New St. Andrew principal encourages students to be who God means them to be

Friday, Sep. 05, 2014
New St. Andrew principal encourages students to be who God means them to be + Enlarge
Patrick Jefferies, center, is the new principal at Saint Andrew Catholic School in Riverton. IC photo/Laura Vallejo
By Laura Vallejo
Intermountain Catholic

Saint Andrew students are on the path to ‘setting the world on fire’ by being who God means them to be, following the direction of Saint Catherine of Sienna and urged on by their new principal,  Patrick Jefferies. 
Jefferies, a graduate of Kearns-Saint Ann School and Judge Memorial Catholic High School, has an undergraduate degree in political science/economics from Gonzaga University  and  a Master of Science degree from the University of Utah, where he now  is working on a doctoral degree in educational leadership. He is licensed in Utah in school administration.
Previously, Jefferies taught at Saint John the Baptist Middle School, and was part of Judge Memorial Catholic High School administration. He also was a teacher assistant at the University of Utah and worked in the Salt Lake City School District.
Now, as principal, Jefferies has two specific goals: increasing enrollment at Saint Andrew and ensuring that each of the school’s students will be able to succeed in high school.
Utah’s Catholic high schools are academically rigorous and expect that their students will attend college, Jefferies said, “so if we are doing our job properly, students from St. Andrew Catholic School don’t just  go to Juan Diego or Judge and do OK, they go and excel and become leaders and they are able to take advantage of that door that becomes open to an individual because of their performance in high school.”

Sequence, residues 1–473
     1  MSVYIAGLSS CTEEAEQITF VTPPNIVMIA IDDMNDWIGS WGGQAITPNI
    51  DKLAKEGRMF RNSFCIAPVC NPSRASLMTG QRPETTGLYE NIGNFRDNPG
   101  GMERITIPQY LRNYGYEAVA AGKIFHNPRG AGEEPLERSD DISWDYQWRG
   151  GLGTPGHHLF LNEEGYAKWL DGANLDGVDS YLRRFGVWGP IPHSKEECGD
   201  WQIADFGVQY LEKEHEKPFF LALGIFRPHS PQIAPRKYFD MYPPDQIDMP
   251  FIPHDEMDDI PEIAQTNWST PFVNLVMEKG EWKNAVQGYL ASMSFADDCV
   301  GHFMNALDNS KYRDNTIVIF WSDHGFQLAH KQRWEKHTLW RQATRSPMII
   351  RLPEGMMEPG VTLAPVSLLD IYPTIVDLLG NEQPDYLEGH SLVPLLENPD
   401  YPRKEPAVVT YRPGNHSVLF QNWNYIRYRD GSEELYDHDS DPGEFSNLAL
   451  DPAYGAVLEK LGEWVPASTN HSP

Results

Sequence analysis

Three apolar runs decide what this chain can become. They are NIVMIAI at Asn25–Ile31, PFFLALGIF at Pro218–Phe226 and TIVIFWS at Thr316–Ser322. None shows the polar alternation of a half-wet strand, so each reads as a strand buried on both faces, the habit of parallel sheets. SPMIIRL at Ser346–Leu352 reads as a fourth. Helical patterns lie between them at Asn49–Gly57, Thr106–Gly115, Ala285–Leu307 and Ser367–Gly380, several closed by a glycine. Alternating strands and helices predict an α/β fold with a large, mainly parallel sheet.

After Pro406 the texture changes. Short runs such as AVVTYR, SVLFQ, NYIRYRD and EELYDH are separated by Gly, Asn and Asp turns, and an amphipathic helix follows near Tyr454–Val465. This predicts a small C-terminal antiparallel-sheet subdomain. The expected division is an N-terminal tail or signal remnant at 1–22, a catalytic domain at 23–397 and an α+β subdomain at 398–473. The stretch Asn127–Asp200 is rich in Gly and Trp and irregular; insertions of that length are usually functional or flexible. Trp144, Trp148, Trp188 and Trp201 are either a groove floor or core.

He believes the St. Catherine quote that Catholics can set the world on fire by being who they are meant to be. “That is something that I repeat to the staff that I get to work with every day,” he said, adding that he is looking forward to working with the school community.
“If you take care of people that are around you, and you treat them well, and you give them what they need but expect them to be who they ought to be, good things happened. Catholic education is universal. …  I want parents to know that we are their partners in their child’s education; we are here to support the decisions that they are making,” he said.
Jefferies is vested in the Catholics schools, said Holy Cross Sister Catherine Kamphaus, superintendent of Utah Catholic Schools. “Patrick grew up in our Catholic schools. He knows the culture and charisma of the Catholic school system.” 
While working for Utah Catholic Schools, Jefferies has helped select new elementary assessment tools and provide principal/teacher development, Sr. Cathy said. “He understands the importance of being current in educational issues and has a vision to keep our schools Catholic, academically excellent, safe and up to date in every way.”
Jefferies thinks that sometimes people, when talking about education, lose track of the fact that the access to college makes a huge difference in people’s lives.
“And access to college is determined by performance in high school, and performance in high school is determined by the development of some specific skills: Can you think in a linear logic way? Can you identify problems? Can you solve them? Can you collaborate with others? All this meaning good communication and the ability to comprehend different people and have empathy. … I started with linear logic but sometimes the solutions are outside of the box,” said Jefferies. “We prepare students here to be successful in one of our very academically rigorous high schools, but that also means if, for whatever reason they choose to go somewhere else, they will do well there, too, because if you can do well at our Catholic high schools you can do well anywhere.” 

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